Cytogenetic and molecular evaluation of 241 small supernumerary marker chromosomes: Cooperative study of 19 Italian laboratories

Leda Dalprà, Daniela Giardino, Palma Finelli, Cecilia Corti, Chiara Valtorta, Silvana Guerneri, Patrizia Ilardi, Renata Fortuna, Domenico Coviello, Gianfranco Nocera, Francesco Paolo Amico, Emanuela Martinoli, Elena Sala, Nicoletta Villa, Francesca Crosti, Francamaria Chiodo, Ludovica Verdun Di Cantogno, Elisa Savin, Gianfranco Croci, Fabrizia FranchiGiovanna Venti, Emilio Donti, Valeria Migliori, Antonella Pettinari, Stefania Bonifacio, Claudia Centrone, Francesca Torricelli, Simona Rossi, Paolo Simi, Paola Granata, Rosario Casalone, Elisabetta Lenzini, Lina Artifoni, Vanna Pecile, Sergio Barlati, Daniela Bellotti, Daniele Caufin, Adalgisa Police, Simona Cavani, Giuseppe Piombo, Mauro Pierluigi, Lidia Larizza

Research output: Contribution to journalArticlepeer-review

Abstract

Purpose: We evaluated the experiences of 19 Italian laboratories concerning 241 small supernumerary marker chromosomes (sSMCs) with the aim of answering questions arising from their origin from any chromosome, their variable size and genetic content, and their impact on the carrier's phenotype. Methods: Conventional protocols were used to set up the cultures and chromosome preparations. Both commercial and homemade probes were used for the fluorescent in situ hybridization analyses. Results: A total of 113 of the 241 sSMCs were detected antenatally, and 128 were detected postnatally. There were 52 inherited and 172 de novo cases. Abnormal phenotype was present in 137 cases (57%), 38 of which were antenatally diagnosed. A mosaic condition was observed in 87 cases (36%). In terms of morphology, monocentric and dicentric bisatellited marker chromosomes were the most common, followed by monocentric rings and short-arm isochromosomes. The chromosomes generating the sSMCs were acrocentric in 132 cases (69%) and non-acrocentric chromosomes in 60 cases (31%); a neocentromere was hypothesized in three cases involving chromosomes 6, 8, and 15. Conclusion: The presented and published data still do not allow any definite conclusions to be drawn concerning karyotype-phenotype correlations. Only concerted efforts to characterize molecularly the sSMCs associated or not with a clinical phenotype can yield results suitable for addressing karyotype-phenotype correlations in support of genetic counseling.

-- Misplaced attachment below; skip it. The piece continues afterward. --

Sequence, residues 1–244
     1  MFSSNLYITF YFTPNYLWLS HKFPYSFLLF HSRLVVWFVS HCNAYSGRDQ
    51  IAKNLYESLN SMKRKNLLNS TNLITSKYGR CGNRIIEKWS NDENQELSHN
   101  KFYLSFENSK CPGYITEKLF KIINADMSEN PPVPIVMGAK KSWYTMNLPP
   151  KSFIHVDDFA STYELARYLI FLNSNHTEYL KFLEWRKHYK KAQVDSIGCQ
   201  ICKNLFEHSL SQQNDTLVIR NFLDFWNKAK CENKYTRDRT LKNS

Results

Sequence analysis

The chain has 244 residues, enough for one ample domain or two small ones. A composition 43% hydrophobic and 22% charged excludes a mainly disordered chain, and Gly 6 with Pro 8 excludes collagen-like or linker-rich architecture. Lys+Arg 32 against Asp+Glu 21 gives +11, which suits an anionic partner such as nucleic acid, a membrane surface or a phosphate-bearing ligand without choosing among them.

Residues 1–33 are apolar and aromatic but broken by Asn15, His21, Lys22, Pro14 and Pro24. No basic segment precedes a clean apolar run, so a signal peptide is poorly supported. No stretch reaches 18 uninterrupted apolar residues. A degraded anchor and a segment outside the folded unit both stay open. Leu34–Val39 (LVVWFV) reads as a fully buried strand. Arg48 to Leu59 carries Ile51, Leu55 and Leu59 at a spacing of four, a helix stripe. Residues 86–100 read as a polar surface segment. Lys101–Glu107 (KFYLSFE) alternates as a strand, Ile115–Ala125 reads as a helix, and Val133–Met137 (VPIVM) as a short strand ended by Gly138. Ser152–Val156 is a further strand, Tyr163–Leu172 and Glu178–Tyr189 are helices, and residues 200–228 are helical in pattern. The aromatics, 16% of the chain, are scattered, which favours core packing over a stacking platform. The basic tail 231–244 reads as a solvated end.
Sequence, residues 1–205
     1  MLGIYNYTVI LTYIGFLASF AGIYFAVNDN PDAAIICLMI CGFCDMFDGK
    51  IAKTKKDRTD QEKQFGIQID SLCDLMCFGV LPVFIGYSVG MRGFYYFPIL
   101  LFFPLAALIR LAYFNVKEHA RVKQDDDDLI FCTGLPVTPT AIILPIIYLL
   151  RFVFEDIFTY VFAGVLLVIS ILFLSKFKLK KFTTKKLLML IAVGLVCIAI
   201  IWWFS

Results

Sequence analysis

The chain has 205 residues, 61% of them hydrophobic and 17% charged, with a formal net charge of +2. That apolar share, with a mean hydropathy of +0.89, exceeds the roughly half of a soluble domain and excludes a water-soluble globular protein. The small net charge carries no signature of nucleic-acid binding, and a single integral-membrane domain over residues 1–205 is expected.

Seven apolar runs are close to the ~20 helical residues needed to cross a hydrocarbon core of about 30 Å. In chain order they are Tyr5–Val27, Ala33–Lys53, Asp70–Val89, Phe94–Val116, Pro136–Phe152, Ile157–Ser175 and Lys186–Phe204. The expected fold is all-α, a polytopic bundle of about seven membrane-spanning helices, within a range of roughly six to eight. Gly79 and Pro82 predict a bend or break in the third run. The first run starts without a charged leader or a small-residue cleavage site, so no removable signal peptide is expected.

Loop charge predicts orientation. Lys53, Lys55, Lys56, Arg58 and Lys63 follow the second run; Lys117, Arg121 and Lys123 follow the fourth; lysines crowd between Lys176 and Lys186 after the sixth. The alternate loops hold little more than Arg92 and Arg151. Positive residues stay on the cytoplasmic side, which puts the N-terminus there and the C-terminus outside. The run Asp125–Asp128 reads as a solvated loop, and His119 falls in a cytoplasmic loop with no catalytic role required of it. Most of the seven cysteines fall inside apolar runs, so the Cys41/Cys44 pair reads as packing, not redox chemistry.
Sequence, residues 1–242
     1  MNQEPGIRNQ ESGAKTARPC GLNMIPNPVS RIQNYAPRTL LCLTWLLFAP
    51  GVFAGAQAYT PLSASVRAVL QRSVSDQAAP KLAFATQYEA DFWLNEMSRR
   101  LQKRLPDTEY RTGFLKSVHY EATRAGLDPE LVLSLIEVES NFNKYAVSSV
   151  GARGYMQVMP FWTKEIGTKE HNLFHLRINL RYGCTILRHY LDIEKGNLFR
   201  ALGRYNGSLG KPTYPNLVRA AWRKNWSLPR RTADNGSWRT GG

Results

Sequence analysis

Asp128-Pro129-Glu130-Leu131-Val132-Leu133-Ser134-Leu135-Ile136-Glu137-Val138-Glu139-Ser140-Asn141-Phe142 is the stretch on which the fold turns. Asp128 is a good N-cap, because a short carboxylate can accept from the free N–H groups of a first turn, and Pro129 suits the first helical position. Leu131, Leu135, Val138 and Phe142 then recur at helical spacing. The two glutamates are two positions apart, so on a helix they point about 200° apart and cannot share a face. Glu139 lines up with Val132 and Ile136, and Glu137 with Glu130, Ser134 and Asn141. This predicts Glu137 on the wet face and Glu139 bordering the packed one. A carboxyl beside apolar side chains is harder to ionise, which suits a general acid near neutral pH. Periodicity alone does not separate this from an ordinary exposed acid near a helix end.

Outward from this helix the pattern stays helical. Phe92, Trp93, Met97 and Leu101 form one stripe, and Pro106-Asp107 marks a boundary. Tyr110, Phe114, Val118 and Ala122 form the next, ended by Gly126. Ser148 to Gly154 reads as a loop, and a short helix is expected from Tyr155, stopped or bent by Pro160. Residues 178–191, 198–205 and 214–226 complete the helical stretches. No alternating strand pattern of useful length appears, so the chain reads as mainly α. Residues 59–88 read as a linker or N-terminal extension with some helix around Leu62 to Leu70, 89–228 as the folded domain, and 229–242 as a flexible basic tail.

Original languageEnglish
Pages (from-to)620-625
Number of pages6
JournalGenetics in Medicine
Volume7
Issue number9
DOIs
Publication statusPublished - Nov 2005

Keywords

  • Cooperative study
  • Genetic counseling
  • Genotype-phenotype correlations
  • Prenatal diagnosis
  • Supernumerary marker chromosomes

ASJC Scopus subject areas

  • Genetics(clinical)
  • Genetics

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